The English master was about to hand back our homework. “Before I return your books”, he said, “I’d like to read you one of the essays”. We sat there nervously for a moment, not knowing what to expect. Was he about to praise the text he held in his hands or lambast it mercilessly? And whose work had he singled out for special attention?
As soon as the master began to read I knew I was off the hook. The piece had a title, something like “The House on the Hill”, and mine was gloriously untitled. So, with considerable relief, I listened, intent on understanding why this ordinary piece of homework was getting such exceptional treatment.
From the title I had expected the essay to be a descriptive piece but it turned out to be a short story. It was written in the first person and told of a boy who wanted to explore a ramshackle old house. For the sake of this blog post I’ll call him Joe.
The house had been empty for years and there was an element of mystery about it that fascinated Joe. He knew his parents would forbid him to go. He knew, too, that there were perfectly good reasons not to go sniffing around – the structure might be unsafe and he might be arrested for trespass. But the dark windows beckoned him and the more he tried to put it out of his mind the larger it loomed in his thoughts.
So, one day, Joe gathered his courage and walked up the drive to the house. All was quiet. The house looked unoccupied. As he stood there on the porch Joe got the feeling that something wasn’t quite right. Perhaps he should go home. But, if he chickened out now his curiosity would never be satisfied. Joe tentatively pushed the door and it swung open easily as if the house was welcoming him in.
Stepping into the hall Joe saw nothing unusual, just a traditional entrance with a big oak staircase and some wooden panelling. An open door led to the living room. With its patterned wallpaper and faded carpets this struck Joe as a bit old fashioned, but there was something else, too. The feeling that something wasn’t right was stronger here. Something was out of place, he was sure, but what was it?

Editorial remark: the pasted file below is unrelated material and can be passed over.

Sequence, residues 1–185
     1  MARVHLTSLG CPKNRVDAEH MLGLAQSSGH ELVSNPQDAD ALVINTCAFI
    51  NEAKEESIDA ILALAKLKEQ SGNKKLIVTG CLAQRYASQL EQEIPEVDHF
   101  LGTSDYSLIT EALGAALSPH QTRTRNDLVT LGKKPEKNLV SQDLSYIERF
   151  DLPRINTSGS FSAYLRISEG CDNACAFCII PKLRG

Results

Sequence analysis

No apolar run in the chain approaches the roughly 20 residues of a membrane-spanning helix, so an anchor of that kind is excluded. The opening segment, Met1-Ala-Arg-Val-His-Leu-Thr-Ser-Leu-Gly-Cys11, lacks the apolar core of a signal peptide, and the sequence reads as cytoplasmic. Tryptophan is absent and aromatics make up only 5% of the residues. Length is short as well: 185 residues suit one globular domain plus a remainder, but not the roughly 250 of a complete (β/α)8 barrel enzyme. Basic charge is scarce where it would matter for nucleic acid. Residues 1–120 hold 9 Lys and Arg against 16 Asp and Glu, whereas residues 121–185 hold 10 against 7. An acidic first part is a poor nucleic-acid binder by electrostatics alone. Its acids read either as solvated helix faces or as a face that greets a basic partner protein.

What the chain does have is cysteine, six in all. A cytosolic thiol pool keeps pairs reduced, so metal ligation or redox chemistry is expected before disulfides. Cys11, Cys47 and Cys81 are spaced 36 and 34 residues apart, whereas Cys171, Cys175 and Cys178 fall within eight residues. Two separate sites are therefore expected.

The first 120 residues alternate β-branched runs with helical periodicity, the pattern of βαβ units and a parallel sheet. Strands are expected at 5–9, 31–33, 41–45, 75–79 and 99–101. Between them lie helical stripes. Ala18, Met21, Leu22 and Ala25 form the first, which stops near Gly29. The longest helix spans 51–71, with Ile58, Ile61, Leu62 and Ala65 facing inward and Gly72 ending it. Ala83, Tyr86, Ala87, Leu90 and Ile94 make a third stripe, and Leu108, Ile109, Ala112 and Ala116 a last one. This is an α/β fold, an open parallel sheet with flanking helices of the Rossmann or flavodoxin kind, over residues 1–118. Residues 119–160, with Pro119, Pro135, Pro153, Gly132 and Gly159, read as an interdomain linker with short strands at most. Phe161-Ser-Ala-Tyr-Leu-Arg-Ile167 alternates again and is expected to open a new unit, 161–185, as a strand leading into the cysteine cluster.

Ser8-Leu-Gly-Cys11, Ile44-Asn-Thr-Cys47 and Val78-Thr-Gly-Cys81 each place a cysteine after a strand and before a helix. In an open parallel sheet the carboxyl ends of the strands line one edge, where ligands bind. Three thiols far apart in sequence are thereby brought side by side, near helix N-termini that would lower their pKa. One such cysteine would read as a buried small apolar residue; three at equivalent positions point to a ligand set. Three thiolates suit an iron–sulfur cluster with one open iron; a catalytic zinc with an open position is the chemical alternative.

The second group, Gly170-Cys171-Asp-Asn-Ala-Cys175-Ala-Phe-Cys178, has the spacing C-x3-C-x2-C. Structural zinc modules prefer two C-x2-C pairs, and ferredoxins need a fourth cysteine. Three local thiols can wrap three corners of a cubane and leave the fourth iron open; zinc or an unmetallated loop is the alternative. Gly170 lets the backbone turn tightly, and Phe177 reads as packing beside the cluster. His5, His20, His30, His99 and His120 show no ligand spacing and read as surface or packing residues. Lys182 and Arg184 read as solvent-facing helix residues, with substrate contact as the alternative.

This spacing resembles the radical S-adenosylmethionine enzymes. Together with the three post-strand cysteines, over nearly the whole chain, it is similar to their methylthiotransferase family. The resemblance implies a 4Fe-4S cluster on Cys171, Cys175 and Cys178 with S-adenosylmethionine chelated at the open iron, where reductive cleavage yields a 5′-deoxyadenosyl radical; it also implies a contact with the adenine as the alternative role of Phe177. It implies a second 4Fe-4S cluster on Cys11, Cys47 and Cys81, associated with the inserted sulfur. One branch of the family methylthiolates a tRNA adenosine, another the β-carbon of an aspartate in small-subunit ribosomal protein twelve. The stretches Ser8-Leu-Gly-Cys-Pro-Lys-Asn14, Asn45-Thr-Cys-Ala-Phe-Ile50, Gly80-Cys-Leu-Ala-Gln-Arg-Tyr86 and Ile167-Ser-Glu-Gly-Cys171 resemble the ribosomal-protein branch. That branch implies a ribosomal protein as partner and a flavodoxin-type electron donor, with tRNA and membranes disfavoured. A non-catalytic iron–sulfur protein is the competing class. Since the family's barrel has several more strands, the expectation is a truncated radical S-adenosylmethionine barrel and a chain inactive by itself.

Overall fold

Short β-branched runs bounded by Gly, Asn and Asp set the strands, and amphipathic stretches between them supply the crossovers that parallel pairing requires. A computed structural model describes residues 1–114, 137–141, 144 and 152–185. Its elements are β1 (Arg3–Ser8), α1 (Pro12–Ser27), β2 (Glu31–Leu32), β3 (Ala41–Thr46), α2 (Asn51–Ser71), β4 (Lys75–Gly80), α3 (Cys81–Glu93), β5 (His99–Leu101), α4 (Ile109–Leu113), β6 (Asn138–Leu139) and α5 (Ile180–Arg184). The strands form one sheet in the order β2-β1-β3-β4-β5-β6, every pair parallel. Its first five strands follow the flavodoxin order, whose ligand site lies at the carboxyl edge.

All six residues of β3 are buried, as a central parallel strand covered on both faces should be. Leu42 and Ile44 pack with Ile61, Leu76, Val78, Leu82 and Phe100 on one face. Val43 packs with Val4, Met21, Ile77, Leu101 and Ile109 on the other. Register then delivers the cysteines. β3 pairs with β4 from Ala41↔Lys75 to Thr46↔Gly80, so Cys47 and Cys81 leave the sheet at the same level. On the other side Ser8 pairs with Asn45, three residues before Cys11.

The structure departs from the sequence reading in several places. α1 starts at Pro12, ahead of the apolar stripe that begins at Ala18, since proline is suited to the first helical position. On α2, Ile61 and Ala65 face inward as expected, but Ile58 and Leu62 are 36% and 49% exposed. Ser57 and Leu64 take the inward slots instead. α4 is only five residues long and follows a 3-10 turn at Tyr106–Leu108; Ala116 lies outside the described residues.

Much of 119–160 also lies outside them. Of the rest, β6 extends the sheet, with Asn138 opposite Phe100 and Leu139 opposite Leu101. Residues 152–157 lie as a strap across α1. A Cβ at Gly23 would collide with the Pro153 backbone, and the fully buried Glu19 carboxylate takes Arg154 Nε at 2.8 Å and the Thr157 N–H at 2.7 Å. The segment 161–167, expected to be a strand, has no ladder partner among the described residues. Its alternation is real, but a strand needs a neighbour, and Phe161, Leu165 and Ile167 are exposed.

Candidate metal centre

Going from room to room Joe searched for something that didn’t belong here. It wasn’t the furniture or the ornaments, they were as much at home as the walls and the floors. But the house was blighted by something. Something out of place or something out of time. Joe had to find it. Then, upstairs in a bedroom, Joe suddenly realised what it was. It was him!
The story ended, I think, with Joe running home, never to return to the house on the hill – not because he was scared, simply because he didn’t belong there. When I heard that story I was, like my English teacher, immensely impressed. The writer would have been 12 or 13 at the time and his story was so well written that it could have been published alongside established authors. That was why it had been singled out to be read to the class.
Some six or seven years later a band called Audience wrote a song with a similar theme; The House on the Hill was the title track of their 1971 album. As far as I know there’s no connection between the schoolboy’s story and the Audience song but the band did play at our school dance around the time the album was being recorded. (Caveat: I didn’t go to the dance and I only have my feeble and unreliable memory to rely on for that curious fact.)
Audience were an unusual band. With Keith Gemmell on tenor sax, clarinet and flute as the lead instrument and Howard Werth’s nasal, warbling vocals their sound comes very close to Jethro Tull at times. And yet, at other times their material strays too far from Tull territory to categorise them as progressive rock. So much so that one review of the band’s eponymous first album describes three of the tracks as “pure twee twaddle”. The consensus seems to be that we should file Audience under ‘art rock’, but there are definite folk and prog rock influences, too.
Here’s The House on the Hill on YouTube. I find it peculiarly unsatisfying visually but it’s a good example of the band’s arty, proggy music.